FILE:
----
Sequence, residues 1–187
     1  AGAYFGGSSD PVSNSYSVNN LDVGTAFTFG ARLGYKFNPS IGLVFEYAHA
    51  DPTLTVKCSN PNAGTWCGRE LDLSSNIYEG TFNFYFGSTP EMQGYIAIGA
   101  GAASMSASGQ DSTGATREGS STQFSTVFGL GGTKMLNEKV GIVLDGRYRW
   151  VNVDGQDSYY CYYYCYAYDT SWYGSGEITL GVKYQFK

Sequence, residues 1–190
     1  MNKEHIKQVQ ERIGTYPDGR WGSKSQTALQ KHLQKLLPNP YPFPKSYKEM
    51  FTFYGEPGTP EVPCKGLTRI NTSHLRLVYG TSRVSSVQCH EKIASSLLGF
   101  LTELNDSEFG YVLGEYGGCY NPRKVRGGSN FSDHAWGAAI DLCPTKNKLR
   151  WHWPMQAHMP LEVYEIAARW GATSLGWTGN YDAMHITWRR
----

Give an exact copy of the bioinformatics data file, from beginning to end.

Sequence, residues 1–187
     1  AGAYFGGSSD PVSNSYSVNN LDVGTAFTFG ARLGYKFNPS IGLVFEYAHA
    51  DPTLTVKCSN PNAGTWCGRE LDLSSNIYEG TFNFYFGSTP EMQGYIAIGA
   101  GAASMSASGQ DSTGATREGS STQFSTVFGL GGTKMLNEKV GIVLDGRYRW
   151  VNVDGQDSYY CYYYCYAYDT SWYGSGEITL GVKYQFK

Sequence, residues 1–190
     1  MNKEHIKQVQ ERIGTYPDGR WGSKSQTALQ KHLQKLLPNP YPFPKSYKEM
    51  FTFYGEPGTP EVPCKGLTRI NTSHLRLVYG TSRVSSVQCH EKIASSLLGF
   101  LTELNDSEFG YVLGEYGGCY NPRKVRGGSN FSDHAWGAAI DLCPTKNKLR
   151  WHWPMQAHMP LEVYEIAARW GATSLGWTGN YDAMHITWRR